# Induced EMF

If a switch of a circuit system of a wire loop is open, then no current flows. There would also be no magnetic flux and induced current if it remains open, right?

What is the difference between current and induced current? I know the latter arises from a change in the magnetic field, but what else is there to know?

Thanks.

Soaring Crane said:
What is the difference between current and induced current? I know the latter arises from a change in the magnetic field, but what else is there to know?

Thanks.

An induced current has a direction such that the magnetic field due to the induced current opposes the change in the magnetic field that induces the current

marlon

Besides, if there is no current in the primary chain (coming from a battery) there will still be an induced current in the secondary chain (no battery connected to it) because the magnetic field will 'break down' and thus it will induce a current in the second chain. the two chains are mostly interconnected by some ferromagnetic material

marlon

dextercioby
Homework Helper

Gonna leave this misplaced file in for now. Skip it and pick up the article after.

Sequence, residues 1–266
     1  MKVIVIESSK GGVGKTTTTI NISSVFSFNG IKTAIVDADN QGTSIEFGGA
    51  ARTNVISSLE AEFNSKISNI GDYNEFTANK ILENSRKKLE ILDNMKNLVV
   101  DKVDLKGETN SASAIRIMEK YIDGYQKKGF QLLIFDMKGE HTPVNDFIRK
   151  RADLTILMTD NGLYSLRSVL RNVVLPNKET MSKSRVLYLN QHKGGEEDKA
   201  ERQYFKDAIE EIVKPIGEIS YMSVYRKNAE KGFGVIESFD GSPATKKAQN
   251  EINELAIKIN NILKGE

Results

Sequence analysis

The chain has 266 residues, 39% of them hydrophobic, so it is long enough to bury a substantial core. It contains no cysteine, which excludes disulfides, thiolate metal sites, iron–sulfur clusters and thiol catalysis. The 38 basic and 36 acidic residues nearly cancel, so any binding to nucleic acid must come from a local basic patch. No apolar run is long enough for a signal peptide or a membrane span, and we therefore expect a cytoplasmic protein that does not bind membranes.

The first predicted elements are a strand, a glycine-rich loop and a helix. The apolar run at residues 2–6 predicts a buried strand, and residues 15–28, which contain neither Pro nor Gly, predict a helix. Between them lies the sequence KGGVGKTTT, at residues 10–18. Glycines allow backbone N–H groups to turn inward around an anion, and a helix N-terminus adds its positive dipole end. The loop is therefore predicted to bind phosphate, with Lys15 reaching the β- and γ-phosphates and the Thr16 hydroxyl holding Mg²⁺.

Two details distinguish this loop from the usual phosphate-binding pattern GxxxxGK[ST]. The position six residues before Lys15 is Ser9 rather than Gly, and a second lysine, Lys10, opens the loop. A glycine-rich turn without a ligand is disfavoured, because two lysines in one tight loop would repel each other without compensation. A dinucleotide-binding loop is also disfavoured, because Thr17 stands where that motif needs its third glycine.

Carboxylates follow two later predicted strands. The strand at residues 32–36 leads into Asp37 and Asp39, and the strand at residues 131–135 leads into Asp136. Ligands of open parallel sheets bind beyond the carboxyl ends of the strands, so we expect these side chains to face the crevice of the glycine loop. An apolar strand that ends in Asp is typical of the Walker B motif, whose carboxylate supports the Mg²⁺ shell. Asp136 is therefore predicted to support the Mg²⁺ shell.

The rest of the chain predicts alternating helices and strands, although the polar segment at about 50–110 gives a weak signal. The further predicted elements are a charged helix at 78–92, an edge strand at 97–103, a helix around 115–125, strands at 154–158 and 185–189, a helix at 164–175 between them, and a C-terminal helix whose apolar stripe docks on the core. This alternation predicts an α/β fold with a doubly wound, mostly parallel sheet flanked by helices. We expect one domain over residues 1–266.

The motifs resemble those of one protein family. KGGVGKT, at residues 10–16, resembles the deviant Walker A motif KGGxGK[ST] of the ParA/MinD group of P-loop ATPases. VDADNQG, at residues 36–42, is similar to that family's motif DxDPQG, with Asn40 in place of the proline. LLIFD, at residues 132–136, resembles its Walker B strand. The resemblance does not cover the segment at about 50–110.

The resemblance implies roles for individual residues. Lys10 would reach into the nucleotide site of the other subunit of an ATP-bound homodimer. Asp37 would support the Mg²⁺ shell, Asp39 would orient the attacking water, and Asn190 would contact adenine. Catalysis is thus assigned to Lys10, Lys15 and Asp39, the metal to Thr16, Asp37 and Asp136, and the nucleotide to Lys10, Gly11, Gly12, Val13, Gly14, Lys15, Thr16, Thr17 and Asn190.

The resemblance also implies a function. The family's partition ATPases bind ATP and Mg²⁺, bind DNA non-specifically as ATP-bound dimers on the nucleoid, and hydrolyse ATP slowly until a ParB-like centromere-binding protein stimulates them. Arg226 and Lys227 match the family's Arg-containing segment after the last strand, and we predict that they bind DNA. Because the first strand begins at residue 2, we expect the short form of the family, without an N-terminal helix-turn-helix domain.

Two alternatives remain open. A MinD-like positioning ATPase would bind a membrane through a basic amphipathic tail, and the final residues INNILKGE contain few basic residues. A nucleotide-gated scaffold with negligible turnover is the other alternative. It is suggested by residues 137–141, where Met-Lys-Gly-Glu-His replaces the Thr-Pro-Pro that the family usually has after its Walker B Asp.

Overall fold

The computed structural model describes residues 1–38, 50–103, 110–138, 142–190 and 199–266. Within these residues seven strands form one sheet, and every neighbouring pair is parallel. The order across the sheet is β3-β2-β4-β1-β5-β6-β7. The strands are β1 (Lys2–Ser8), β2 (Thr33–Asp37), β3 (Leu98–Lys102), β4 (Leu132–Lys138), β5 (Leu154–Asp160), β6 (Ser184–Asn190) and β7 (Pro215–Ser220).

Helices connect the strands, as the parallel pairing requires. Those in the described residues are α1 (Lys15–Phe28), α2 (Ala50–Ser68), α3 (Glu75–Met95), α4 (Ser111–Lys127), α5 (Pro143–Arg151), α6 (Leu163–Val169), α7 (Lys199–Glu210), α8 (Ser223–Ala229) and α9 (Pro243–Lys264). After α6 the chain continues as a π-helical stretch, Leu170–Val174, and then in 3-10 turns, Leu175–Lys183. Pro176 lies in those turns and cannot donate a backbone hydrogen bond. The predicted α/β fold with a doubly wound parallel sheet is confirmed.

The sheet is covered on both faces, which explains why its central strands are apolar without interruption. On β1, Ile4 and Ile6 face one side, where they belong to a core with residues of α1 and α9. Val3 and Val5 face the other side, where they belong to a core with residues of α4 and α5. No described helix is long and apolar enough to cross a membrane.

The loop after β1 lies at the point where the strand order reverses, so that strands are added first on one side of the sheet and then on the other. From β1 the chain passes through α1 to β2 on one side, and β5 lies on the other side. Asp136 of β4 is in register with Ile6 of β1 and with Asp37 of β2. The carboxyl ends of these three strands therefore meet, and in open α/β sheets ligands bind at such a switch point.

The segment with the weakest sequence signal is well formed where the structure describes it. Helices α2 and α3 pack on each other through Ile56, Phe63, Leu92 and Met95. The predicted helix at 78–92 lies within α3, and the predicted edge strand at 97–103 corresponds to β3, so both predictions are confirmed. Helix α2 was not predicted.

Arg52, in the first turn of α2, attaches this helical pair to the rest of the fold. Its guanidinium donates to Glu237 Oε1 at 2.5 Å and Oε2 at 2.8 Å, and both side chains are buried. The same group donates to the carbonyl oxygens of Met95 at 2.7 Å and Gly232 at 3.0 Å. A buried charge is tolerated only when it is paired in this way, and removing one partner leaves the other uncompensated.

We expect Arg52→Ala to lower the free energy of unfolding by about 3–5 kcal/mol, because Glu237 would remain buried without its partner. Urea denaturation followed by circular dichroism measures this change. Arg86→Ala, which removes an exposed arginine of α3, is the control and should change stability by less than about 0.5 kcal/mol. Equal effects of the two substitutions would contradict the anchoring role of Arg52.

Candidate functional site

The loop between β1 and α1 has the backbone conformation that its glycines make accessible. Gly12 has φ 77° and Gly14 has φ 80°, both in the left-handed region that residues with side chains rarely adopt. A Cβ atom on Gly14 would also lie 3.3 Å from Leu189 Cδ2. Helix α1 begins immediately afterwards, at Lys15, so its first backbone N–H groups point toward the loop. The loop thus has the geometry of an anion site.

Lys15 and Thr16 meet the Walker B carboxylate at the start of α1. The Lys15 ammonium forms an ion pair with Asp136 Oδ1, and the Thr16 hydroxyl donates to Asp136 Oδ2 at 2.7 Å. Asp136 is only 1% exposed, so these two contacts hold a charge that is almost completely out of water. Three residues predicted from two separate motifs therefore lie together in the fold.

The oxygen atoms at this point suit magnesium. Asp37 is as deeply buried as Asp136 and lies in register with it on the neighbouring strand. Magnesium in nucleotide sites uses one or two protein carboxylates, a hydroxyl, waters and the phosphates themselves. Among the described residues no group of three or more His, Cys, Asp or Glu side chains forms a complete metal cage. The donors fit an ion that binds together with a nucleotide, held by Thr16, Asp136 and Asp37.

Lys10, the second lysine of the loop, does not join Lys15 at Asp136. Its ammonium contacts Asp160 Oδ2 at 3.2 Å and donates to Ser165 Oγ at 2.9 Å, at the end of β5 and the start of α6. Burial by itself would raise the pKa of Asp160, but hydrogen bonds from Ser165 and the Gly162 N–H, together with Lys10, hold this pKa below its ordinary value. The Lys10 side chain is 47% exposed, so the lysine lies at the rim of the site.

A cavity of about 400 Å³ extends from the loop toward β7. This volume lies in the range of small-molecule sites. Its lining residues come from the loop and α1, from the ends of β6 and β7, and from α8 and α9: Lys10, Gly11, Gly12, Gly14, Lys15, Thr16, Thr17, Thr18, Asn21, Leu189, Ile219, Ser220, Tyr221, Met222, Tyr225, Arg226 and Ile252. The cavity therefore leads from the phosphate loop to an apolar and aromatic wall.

The difference of both names & concepts stands in the cause that produces the curerents."The latter" appears from a change in the magnetic flux (which is a scalar,BTW,so we worry only with changes in time,and not in space)...I believe that's what the theorem/law of Faraday says... So to use equations,the difference could be visualized from

$$\vec{E}=-\nabla\phi$$

and

$$\mbox{induced \ electromotive \ tension} =-\frac{d}{dt}\iint_{S} \vec{B}\cdot \vec{n} \ dS$$

Daniel.

Perhaps the most striking difference is the fact that electric potential has meaning only for E-fields that are produced by static charges (like the E-field between two electrodes); it has NO meaning for E-fields that are produced by induction...

to dextercioby : talking about blabla-tension and multi-dimensional integrals ain't gonna do much good in the grade K-12-level, amigo

marlon

dextercioby